Dallas Mayor Mike Rawlings and Other School Officials Battle Doubt in Black, Hispanic Communities Over Home-Rule Effort

Mona Reeder/Staff Photographer Mayor Mike Rawlings (right) and DISD superintendent Mike Miles (center) recently toured two schools that are part of an initiative to improve campuses. The schools, Quintanilla MIddle School and J.J. Rhoads Learning Center, receive extra teachers and resources, and students can participate in after-school learning sessions.
Mona Reeder/Staff Photographer
Mayor Mike Rawlings (right) and DISD superintendent Mike Miles (center) recently toured two schools that are part of an initiative to improve campuses. The schools, Quintanilla MIddle School and J.J. Rhoads Learning Center, receive extra teachers and resources, and students can participate in after-school learning sessions.

As Mayor Mike Rawlings and others push to convert Dallas ISD into a home-rule district, they have struggled recently to sell their plan to key people in Hispanic and black communities.

The challenges became clear Thursday night, when Rawlings abruptly left a private meeting with several dozen Hispanic leaders after it turned contentious. Rawlings walked out of an East Dallas church after 15 minutes when some attendees interrupted his presentation, challenged him on his support of charter schools and disputed his statistics about Dallas ISD’s poor performance.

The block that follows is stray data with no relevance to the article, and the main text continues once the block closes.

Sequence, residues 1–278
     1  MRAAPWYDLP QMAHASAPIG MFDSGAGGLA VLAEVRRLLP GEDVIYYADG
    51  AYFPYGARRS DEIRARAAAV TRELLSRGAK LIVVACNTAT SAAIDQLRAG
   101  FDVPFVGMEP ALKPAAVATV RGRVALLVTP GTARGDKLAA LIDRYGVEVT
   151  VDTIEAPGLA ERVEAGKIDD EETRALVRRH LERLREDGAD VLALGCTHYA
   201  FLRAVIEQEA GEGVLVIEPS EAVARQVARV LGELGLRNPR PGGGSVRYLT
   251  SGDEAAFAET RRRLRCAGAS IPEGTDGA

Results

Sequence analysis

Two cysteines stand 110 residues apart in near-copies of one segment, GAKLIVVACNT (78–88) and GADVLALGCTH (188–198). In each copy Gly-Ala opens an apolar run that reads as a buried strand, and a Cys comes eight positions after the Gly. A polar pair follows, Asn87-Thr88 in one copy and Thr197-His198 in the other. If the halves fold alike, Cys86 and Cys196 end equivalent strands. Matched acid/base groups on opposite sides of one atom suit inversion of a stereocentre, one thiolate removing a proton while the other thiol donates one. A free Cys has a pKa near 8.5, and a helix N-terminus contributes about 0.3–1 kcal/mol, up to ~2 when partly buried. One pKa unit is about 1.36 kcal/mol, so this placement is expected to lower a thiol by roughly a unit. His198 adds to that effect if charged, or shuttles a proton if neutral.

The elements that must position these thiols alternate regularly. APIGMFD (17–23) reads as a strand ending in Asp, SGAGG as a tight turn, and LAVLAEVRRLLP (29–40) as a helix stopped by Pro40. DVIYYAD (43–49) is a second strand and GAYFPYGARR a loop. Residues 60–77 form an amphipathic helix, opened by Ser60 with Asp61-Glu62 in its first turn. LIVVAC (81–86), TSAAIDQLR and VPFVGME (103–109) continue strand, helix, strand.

“The meeting turned kind of quickly. Rawlings didn’t say much, got up and was a little upset by the questions,” said lawyer Eric Cedillo, who attended the meeting.

Rene Martinez, a local LULAC leader who also was there, said Rawlings got rattled and lost control of the room. “The mayor thought he would come in and we would all nod in agreement. He was not a happy camper.”

Rawlings said Friday he left to avoid the combative environment and to turn the discussion over to a board member of Support Our Public Schools, the group leading the effort.

“I left last night’s meeting early because I was interrupted numerous times with hostile comments from uninvited guests,” Rawlings said. “I will continue to reach out to the Hispanic community throughout this process.”

As with many things in Dallas, the home-rule issue has split along racial lines. In some circles, Support Our Public Schools is battling the perception that the business community and North Dallas elite want control of DISD and its $1.2 billion annual budget. Rawlings acknowledged that the home-rule movement will die if minority leaders don’t back it.

At Thursday’s meeting at Agape Memorial United Methodist Church, Rawlings began the presentation with facts about Dallas ISD, saying that its schools were “dark and without hope, and our charter schools are bright and optimistic,” according to people who attended. The mayor said that 7 percent of Dallas graduates are “college-ready” — a statistic DISD administrators put at 14.4 percent.

“They are skewing the numbers to make it look as bad as possible. They need people to hate the public schools to pass this thing,” said Anna Casey, a political consultant who questioned the mayor. “He was making it clear that he didn’t believe in public education and wanted to turn our school system to a system of charter schools.”

Casey said the attendees included a few community leaders, but mostly people who work at charter schools or had contracts with DISD.

“The people they invited were people who make money off the district. There’s a for-profit element behind this thing that’s kind of creepy,” she said.

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Source: Dallas Morning News | 

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